Such arguments arose in the case of Gillingham Borough Council v Medway (Chatham) Dock Co Ltd (1993) which involved permission for the defendant company to redevelop Chatham Dockyard as a commercial port. The council argued that the economic benefit would far outweigh any potential noise problems. In the event the problem got so bad at one time that some 750 lorries were used in the port each day around the clock. However the case turned on the issue that the port had changed in its character over a period of years and this was more important when deciding what amounted to unreasonable behaviour. The claimant’s actions failed.


The question of whom may be sued may be an important matter when it comes to a remedy and particularly if the nuisance is continuing. This might include any person who creates the nuisance whether or not that person is the occupier of the land at the time of the action. It may extend to occupiers who adopt and continue to allow nuisances on their land. This may be so even if such nuisances were created by their predecessors in title, trespassers or third parties. Finally a landlord may be liable for nuisances in some circumstances, e.g. if the landlord had knowledge of the nuisance but still carried on and let the property, or where the landlord reserved the right to enter and repair the premises but did not act to deal with the nuisance.


In civil law, damages are a natural remedy and the law of nuisance is no exception. However, with a nuisance which is still continuing, damages may not be enough in themselves if the award is not sufficient to bring an end to the nuisance. It follows that the remedy of an injunction is commonly sought as a remedy in nuisance actions. However there can be no certainty that an injunction will be granted. The courts need to be satisfied about certain conditions and this includes the point that damages in themselves would be inadequate.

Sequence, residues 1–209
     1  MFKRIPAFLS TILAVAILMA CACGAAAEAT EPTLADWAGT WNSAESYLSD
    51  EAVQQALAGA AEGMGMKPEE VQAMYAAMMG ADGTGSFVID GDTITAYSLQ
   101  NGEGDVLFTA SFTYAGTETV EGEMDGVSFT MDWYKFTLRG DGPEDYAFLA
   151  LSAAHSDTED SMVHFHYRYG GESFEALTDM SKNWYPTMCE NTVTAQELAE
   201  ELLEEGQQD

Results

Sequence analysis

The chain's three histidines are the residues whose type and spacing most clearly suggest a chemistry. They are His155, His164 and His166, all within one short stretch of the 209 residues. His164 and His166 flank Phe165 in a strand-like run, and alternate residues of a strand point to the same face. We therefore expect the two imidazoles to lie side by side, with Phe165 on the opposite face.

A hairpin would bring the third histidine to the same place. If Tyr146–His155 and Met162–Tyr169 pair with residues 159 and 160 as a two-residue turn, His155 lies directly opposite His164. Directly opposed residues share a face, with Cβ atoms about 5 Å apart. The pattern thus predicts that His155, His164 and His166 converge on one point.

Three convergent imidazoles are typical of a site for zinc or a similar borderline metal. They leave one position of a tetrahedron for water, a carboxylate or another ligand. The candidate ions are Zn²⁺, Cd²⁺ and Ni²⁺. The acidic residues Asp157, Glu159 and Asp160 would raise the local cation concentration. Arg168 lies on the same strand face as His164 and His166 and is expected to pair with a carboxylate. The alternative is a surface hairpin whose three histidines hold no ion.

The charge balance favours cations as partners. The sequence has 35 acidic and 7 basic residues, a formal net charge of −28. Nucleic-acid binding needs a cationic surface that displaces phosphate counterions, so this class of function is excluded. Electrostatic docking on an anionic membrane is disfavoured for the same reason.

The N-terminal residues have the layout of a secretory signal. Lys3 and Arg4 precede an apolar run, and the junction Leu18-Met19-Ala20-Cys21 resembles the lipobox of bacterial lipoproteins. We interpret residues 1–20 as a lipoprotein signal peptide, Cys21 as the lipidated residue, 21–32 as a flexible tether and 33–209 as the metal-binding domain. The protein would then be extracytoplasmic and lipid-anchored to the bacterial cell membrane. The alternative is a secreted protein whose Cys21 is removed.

The grant of an injunction is discretionary and there must be no impediment to the court exercising its discretion. There are also limitations to the court's supervisory powers in the sense that the courts do not have limitless resources at its disposal to police the actions of parties Kennaway v Thompson (1981). The claimant brought an action against a motor boat racing club in nuisance for the noise and disturbance experienced. The claim was successful and damages were awarded but the judge refused to grant an injunction . The claimant appealed and a partial injunction was granted meaning the club had to adhere to strict timetables for the races.


Turning to the question of the relevance of private nuisance in the modern law of torts, a number of issues arise which could be said to limit the effectiveness of the tort and these merit further discussion.


The nature of the tort of private nuisance is, in a sense, a source of some difficulty in that it necessarily involves a balancing of the competing interests of neighbours. The fact that such interests appear to be competing with each other then leads to the close scrutiny of the 'use' complained of to determine whether the 'use' is unlawful and if it interferes with another's use of their land.


These matters are not necessarily easily determined and so cases such as these can be expensive and time consuming. On the one hand there would no doubt be the traditional argument that it is a free country and that we should be free to use our property in whatever way we wish, as long as it is not unlawful or does not harm our neighbour. Therein lies the problem in that the courts have to decide what amounts to what is or is not lawful and at what point the 'use' complained of becomes unacceptable and a nuisance.